By Benjamin Leatherman
By Glenn BurnSilver
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Halfway through a party thrown by Waylon Jennings' family at the Rhythm Room in Phoenix last week, I swear the old man's honky-tonk spirit appeared.
Jessi Colter, Jennings' widow, sat at a white piano. She played Elvis Presley's achy-breaky blues number "One Night." "One night with you/Is what I'm praying for/The things we two could plan/Would make my dreams come true," Colter growled. This was not a coincidental gesture.
"It's time to say goodbye to sorrow," Colter, eyes still wide and hair still coifed, had said earlier on that December 30.
About five minutes after Colter's performance, Jennings' 23-year-old son, Waylon Albright Jennings – "Shooter" to his friends and family – took the stage.
"We're just gonna say fuck it' and have a good time tonight," he shouted before chugging from a bottle of Beck's. Four songs into a groove-intense set by his Los Angeles metal band Stargunn, Shooter – with beard and demonic stage eyes, he's a smaller version of his father – sat at the same piano. He surveyed the room, then he and his bandmates blasted into "Survive," a ballad that collects the best parts of the Rolling Stones, Lynyrd Skynyrd and Guns N' Roses. Almost instantaneously, the gathered crowd, mostly settled back by the bar, surged forward.
Tom Morello, former Rage Against the Machine guitarist and Shooter's producer, rushed to the front of the stage with four gorgeous women and danced. The usually super-composed Morello swayed drunkenly, like a hippie. Did I just see that? In Phoenix?
More people followed, though Metallica's James Hetfield, another huge name in the crowd, just stood and nodded. Finally, Colter joined the dancers. Through the verse, she linked arms with everyone she could, danced with everyone who'd let her.
"I will sur-vive!!" screamed Shooter. Soon, everyone chanted with him. "I will sur-vive!!" The charge was like lightning. And with that, a tumultuous 2002 became a prologue to brighter days.
"That's not what that song is about," the son said afterward, as Waylon's "Mammas Don't Let Your Babies Grow Up to Be Cowboys" played over the PA system. "Survive" predates 2002 and was written after a nasty breakup with a woman. But so what? "Now, in retrospect, every time I play that song, I feel invigorated. The lyrics are actually kind of enigmatic, so it can apply to any situation. It's really a strength to be able to hear people sing it back."
Waylon Jennings died last February 13 in Chandler. Colter, a Phoenix native, was married to the larger-than-life star for nearly 33 years. Together, they wrote and recorded and found superstardom with the 1976 album Wanted! The Outlaws, which also featured Willie Nelson and Tompall Glaser. Shooter was the couple's only son, though Jennings had several older children. The family followed Waylon on his tours across America, and the three often shuttled back and forth between Nashville and our area. Jennings developed his outlaw country style in Phoenix bars 40 years ago and returned for a time after commercial failure in the late '60s. Colter now lives full-time in the Valley.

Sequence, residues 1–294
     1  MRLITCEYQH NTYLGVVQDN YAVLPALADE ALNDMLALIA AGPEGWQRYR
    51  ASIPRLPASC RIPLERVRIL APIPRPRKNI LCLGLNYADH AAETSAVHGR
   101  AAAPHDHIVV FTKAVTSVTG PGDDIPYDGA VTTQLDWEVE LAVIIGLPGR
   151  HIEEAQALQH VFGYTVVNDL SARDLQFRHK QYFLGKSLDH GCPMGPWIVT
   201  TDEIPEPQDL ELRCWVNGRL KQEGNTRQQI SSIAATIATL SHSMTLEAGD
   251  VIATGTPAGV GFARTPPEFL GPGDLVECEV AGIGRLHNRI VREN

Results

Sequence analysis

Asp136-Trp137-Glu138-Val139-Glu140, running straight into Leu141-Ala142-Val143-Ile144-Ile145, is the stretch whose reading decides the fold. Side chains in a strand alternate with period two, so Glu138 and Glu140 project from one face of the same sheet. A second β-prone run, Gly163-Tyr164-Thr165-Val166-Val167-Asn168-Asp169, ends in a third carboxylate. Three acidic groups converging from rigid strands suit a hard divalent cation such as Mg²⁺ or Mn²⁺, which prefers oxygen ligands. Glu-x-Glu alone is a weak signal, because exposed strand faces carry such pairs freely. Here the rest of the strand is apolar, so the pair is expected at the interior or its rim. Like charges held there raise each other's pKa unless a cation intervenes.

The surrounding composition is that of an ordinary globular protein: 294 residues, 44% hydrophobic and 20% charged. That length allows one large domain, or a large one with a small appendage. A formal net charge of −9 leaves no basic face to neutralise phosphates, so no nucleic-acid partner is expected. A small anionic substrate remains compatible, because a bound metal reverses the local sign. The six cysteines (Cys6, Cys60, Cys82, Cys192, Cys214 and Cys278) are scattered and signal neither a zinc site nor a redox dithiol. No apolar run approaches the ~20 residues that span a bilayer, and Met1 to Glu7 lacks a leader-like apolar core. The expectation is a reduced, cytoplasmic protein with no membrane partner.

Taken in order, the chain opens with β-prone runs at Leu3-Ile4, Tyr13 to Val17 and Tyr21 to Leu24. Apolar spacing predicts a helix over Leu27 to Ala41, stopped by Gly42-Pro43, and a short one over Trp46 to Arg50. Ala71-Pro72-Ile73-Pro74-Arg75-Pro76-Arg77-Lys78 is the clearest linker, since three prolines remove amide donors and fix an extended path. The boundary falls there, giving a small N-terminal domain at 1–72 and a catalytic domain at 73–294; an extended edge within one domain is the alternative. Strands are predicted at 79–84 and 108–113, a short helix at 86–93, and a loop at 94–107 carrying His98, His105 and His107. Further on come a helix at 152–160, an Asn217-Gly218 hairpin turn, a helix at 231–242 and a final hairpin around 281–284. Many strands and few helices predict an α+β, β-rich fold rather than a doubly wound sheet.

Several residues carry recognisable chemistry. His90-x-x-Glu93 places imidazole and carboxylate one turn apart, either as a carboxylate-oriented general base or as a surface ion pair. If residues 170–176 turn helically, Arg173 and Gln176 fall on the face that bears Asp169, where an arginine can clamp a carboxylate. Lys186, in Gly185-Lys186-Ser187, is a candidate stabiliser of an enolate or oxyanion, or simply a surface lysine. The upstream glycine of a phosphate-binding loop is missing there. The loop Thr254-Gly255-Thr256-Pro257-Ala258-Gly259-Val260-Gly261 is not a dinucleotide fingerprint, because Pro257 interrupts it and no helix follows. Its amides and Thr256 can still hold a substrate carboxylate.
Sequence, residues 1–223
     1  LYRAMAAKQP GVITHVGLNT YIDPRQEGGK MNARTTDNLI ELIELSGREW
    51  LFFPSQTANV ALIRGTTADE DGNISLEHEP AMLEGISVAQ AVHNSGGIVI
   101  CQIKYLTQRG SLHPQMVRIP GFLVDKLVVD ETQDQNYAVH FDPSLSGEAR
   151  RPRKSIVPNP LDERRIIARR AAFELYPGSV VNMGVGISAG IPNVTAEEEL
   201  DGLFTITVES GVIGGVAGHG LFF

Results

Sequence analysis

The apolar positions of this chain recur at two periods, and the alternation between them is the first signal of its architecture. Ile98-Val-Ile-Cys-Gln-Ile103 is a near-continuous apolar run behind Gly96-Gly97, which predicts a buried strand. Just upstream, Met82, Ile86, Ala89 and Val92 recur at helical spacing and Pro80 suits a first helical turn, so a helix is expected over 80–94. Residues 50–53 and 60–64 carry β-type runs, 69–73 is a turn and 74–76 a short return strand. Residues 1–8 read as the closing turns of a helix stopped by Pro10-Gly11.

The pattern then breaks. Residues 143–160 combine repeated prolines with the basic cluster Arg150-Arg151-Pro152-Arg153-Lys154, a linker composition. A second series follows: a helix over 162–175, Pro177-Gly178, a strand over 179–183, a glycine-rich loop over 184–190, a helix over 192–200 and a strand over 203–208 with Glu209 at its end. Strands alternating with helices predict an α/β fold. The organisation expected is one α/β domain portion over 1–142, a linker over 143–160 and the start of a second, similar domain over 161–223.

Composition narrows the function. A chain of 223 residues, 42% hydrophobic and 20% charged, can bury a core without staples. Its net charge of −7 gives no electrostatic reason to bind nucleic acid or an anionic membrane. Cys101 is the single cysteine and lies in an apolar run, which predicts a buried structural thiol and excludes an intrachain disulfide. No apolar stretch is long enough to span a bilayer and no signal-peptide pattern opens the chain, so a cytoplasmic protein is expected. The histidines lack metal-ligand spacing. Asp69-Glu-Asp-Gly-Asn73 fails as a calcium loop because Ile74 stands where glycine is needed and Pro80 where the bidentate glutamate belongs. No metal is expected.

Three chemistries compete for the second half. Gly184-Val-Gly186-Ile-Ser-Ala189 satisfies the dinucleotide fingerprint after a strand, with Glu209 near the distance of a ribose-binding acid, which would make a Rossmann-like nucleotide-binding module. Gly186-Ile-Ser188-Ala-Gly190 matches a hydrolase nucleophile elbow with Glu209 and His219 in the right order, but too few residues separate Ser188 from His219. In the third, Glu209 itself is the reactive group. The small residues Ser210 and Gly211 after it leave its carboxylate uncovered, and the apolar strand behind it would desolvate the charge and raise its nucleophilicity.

"Waylon was my life," Colter said. "He was my whole world."
"He was my hero; what can I say? He was the coolest guy on earth," added Shooter.
Your dad never roomed with Johnny Cash or dueted with Willie Nelson or toured as part of Lollapalooza (as Waylon did with Soundgarden and Metallica in 1996), so the kid's not necessarily indulging in hyperbole.
Colter watched helplessly as diabetes ravaged her husband over his last several years. Jennings had a foot amputated in the months before his death.
"I went through a hard time of suffering," she said. "It almost killed me. I'm glad that I'm reviving."
And, boy, is she. Colter's writing new songs and planning to record a solo album with producer Don Was sometime this year. Country, she says, is in the past, as she's exploring pop and straight rock. Mom's also spent some quality partying time with Shooter and his buddies in Stargunn.
"Dude, she's so much fun to hang out with," said Shooter. At the Rhythm Room, she arrived decked out in fur, a white lace blouse and loud, glittering Dolly Parton belt. Now 59, she doesn't look a day over 40. She joined the band onstage for several numbers, belching the chorus to "Love's the Only Chain" and greeting her audience in true-grit fashion: "Rock 'n' roll, motherfuckers!"